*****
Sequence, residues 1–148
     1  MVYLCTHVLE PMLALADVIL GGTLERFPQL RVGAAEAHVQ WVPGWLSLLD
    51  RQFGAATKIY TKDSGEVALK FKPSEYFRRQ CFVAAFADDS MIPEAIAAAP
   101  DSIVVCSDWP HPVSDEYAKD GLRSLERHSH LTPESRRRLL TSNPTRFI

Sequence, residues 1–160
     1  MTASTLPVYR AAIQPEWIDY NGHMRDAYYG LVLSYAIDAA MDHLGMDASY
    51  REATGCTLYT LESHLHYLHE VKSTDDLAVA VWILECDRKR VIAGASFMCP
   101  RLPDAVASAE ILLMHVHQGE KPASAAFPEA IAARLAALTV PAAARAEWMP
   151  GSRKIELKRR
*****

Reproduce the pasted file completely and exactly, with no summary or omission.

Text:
Sequence, residues 1–148
     1  MVYLCTHVLE PMLALADVIL GGTLERFPQL RVGAAEAHVQ WVPGWLSLLD
    51  RQFGAATKIY TKDSGEVALK FKPSEYFRRQ CFVAAFADDS MIPEAIAAAP
   101  DSIVVCSDWP HPVSDEYAKD GLRSLERHSH LTPESRRRLL TSNPTRFI

Sequence, residues 1–160
     1  MTASTLPVYR AAIQPEWIDY NGHMRDAYYG LVLSYAIDAA MDHLGMDASY
    51  REATGCTLYT LESHLHYLHE VKSTDDLAVA VWILECDRKR VIAGASFMCP
   101  RLPDAVASAE ILLMHVHQGE KPASAAFPEA IAARLAALTV PAAARAEWMP
   151  GSRKIELKRR